Deconstructing the Coliseum, Part I: The Bowl Shape

This is the first article of a new series called “Deconstructing the Coliseum.” The purpose is not to trash it or spit on it, for the Coliseum has served its purpose admirably over the years. Instead, my goal is to educate readers of this site on what to potentially expect from a new ballpark, and how it compares with the current situation and other ballparks as well. The first part of this task is explaining where the Coliseum succeeds and fails.

The idea came from my re-reading Philip Bess’s excellent paean to urban ballparks, City Baseball Magic. Bess, an accomplished architect, professor, and noted baseball architecture critic, put together an alternative plan to the new Comiskey Park (a.k.a. US Cellular Field) called Armour Field. Armour Field harkened back to the first ballpark building boom in the early 20th century and had many similarities to Manhattan’s long departed Polo Grounds. As part of the plan, he compared Armour Field’s dimensions and layout to the HOK-planned Comiskey, which itself was an updated version of Kansas City’s Kauffman (née Royals) Stadium, considered the hallmark of baseball stadium design during the late 80’s. (Oh how things change!) While Comiskey was hailed when it first opened, it only took a year before its gleam was eclipsed by the first true Neoclassic ballpark, Camden Yards. In the intervening years, Comiskey was rightly bashed for its steep and recessed upper deck and its three levels of suites and club seats. It was also criticized for its initially symmetrical dimensions, which I personally didn’t have a problem with because at least they weren’t contrived. In the intervening years, Comiskey has under gone renovations, chief among them the lopping off of the top eight rows of seats – a nod to increasing scarcity and the vertigo-inducing scary nosebleed rows up there.
Prior to my re-reading City Baseball Magic, I had been working on a new ballpark model. Since we lack a specific ballpark model other than the high-concept drawings shown in August 2005, I figured I’d put my own together to create a similar alternative concept. Like the Wolff-360 plan, it has:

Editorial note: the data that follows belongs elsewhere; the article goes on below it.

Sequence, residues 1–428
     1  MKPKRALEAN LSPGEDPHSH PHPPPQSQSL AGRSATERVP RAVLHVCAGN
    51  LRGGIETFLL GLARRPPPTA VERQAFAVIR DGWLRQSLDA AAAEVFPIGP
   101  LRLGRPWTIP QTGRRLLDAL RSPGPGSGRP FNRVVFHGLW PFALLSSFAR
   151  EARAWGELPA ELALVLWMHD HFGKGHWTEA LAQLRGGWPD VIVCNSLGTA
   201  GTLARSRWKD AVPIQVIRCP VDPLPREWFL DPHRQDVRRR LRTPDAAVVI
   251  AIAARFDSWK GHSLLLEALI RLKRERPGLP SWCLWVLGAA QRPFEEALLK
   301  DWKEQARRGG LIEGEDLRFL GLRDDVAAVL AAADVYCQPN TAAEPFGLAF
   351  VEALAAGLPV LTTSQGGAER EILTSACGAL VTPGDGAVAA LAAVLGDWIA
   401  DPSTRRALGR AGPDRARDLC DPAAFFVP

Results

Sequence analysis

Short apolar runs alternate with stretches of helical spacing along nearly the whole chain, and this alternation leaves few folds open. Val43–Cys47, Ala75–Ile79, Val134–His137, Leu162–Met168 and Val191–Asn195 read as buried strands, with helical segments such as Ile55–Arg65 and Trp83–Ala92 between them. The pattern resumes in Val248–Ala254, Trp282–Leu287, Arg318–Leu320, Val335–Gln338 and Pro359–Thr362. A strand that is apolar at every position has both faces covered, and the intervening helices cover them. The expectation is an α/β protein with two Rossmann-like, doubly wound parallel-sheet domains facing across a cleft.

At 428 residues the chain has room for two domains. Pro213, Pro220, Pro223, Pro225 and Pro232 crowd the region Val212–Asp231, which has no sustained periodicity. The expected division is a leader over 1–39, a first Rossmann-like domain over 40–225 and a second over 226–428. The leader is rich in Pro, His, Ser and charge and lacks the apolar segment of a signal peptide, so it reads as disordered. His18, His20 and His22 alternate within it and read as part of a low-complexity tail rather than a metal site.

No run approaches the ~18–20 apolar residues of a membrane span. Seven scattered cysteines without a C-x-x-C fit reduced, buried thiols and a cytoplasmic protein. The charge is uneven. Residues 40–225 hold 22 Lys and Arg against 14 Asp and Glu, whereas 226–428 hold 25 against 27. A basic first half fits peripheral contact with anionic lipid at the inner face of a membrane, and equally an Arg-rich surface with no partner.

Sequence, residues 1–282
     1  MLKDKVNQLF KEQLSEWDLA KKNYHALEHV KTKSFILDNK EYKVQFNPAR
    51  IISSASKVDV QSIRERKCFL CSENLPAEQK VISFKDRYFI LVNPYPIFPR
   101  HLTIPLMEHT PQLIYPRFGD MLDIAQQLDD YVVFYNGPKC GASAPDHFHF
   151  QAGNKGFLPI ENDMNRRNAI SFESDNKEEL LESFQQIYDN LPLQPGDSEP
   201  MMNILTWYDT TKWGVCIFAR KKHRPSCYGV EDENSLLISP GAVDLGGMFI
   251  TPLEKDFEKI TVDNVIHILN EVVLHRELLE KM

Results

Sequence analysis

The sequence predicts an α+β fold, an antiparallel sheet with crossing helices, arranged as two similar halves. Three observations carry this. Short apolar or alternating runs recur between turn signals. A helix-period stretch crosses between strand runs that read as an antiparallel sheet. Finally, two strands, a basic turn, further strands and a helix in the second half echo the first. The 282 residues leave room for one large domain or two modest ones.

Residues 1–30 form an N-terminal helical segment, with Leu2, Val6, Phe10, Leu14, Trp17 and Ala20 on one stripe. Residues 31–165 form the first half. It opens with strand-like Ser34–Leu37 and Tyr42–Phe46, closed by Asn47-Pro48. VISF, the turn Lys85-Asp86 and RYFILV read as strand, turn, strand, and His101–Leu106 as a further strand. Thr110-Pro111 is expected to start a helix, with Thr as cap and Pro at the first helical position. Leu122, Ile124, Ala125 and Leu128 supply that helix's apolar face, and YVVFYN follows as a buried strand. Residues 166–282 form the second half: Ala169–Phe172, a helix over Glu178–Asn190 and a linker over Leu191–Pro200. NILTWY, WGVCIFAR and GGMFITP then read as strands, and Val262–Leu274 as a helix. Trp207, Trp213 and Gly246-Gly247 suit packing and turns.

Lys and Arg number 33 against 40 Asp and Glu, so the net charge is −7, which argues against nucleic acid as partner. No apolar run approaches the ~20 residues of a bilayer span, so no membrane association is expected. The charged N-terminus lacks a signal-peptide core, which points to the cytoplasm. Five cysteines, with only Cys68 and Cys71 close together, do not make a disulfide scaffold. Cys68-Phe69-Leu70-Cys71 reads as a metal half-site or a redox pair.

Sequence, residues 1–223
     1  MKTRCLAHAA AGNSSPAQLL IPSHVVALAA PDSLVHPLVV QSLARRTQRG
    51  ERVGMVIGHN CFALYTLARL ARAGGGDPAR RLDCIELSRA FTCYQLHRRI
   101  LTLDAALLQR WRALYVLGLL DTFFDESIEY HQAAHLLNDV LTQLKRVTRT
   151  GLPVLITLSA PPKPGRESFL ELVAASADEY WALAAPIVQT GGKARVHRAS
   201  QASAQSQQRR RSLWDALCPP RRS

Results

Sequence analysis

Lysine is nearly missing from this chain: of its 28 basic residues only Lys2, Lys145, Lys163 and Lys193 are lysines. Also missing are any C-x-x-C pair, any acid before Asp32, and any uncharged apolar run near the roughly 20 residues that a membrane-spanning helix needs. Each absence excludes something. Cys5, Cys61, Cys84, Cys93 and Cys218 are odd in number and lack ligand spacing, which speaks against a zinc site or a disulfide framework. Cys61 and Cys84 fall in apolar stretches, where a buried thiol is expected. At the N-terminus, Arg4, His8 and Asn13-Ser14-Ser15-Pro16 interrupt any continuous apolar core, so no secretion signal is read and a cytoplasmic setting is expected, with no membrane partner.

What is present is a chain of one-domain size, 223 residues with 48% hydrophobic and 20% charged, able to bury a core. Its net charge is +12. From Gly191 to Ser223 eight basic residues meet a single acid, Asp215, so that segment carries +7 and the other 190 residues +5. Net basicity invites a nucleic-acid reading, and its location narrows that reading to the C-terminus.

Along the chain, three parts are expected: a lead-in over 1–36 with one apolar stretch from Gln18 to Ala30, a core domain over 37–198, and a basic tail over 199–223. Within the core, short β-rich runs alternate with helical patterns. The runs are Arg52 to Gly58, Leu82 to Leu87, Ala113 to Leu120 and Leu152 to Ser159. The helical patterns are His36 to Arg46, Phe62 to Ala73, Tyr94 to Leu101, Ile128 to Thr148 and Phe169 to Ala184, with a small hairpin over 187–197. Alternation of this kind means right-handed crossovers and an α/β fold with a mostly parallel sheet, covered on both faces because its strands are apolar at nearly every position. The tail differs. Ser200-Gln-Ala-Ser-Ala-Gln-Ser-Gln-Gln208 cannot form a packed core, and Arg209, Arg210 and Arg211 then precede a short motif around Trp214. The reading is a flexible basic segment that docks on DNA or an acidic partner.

• 35,000 seats
  • 40 luxury suites and 40 mini (4-6 person) suites
  • Expansive club area
  • Hotel/Apartments
  • Party Suites
  • Two decks (sort of)
  • Increased intimacy

Bess’s book got me to overlay my concept over the Coliseum. What I found was rather surprising. While we all know that the Coliseum’s round shape is not ideal for baseball, this overlay really illustrates the problem. But first, let’s take a look at the baseline – the Coliseum footprint.


Like the old cookie-cutter stadia, the Coliseum is based on a series of concentric circles, the smallest of which is a 400-foot ring where the field meets the first row of seats. Using 400 feet as a guide makes sense because a football field is 360 feet long, while a baseball field’s dimensions are 330-400 feet excluding foul territory. The give-and-take required penalizes spectators of either sport in a multitude of ways, many of which I’ll get into later.

The Green area represents the field and its quirky dimensions. Yellow represents the lower deck (Field level), Red the mezzanine (Plaza level), and Blue the upper deck (now closed View level). Yes, it is to scale (approximately), and it’s based on estimates and measurements I’ve made in the bowl over the last several years.

Now let’s strip it back to just the lower deck and overlay the first deck of my (unnamed) concept:


Take a look at the how many seats are in the green area. You may be asking where the rest of the lower deck seats are. The next graphic shows the rest of those seats.


In this case, the concept is still far superior to the Coliseum because of the shortened distance to the field. Even the small area where the Coliseum has closer seats, the backstop, was only created because of a design quirk that caused the “notch” in the bowl. This affirms the notion that those sections behind the plate (x15-x19) are some of the best in baseball. Unfortunately, everything else pales in comparison.

Next, let’s compare at the upper tiers.


This has the concept’s upper deck overlaid with the closed View level. Notice how the concept’s upper deck actually fits within most of the front rim of the View level. In the seats down the line, this translates to fans being as much as 70 feet closer, more than the distance between pitcher and hitter. Since the View level is closed, it may make sense to use the Plaza level in the comparison instead. The next graphic shows what such a comparison looks like.


Here, the concept is also better though the differences aren’t as vast. But that’s still remarkable considering the fact that the Plaza level was never built to be used as an upper deck. It sheds light on the compromises made when using a circular stadium design.

I remember taking some friends to an opening night game a decade ago. We sat in the third or fourth row of section 323. It was one friend’s first time at the Coliseum, and the first comment he made was, “Man, are we far.” Far, indeed.

Tomorrow, I’ll cover height as it relates to the Coliseum.

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